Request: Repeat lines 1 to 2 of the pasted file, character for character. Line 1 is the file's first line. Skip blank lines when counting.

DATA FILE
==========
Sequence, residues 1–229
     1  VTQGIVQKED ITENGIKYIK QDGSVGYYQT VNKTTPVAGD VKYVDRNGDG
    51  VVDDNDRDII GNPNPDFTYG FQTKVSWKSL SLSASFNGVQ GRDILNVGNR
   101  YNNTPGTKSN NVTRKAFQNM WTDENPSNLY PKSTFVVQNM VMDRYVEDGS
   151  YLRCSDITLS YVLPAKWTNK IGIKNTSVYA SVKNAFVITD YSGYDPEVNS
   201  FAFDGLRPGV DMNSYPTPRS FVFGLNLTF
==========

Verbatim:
Sequence, residues 1–229
     1  VTQGIVQKED ITENGIKYIK QDGSVGYYQT VNKTTPVAGD VKYVDRNGDG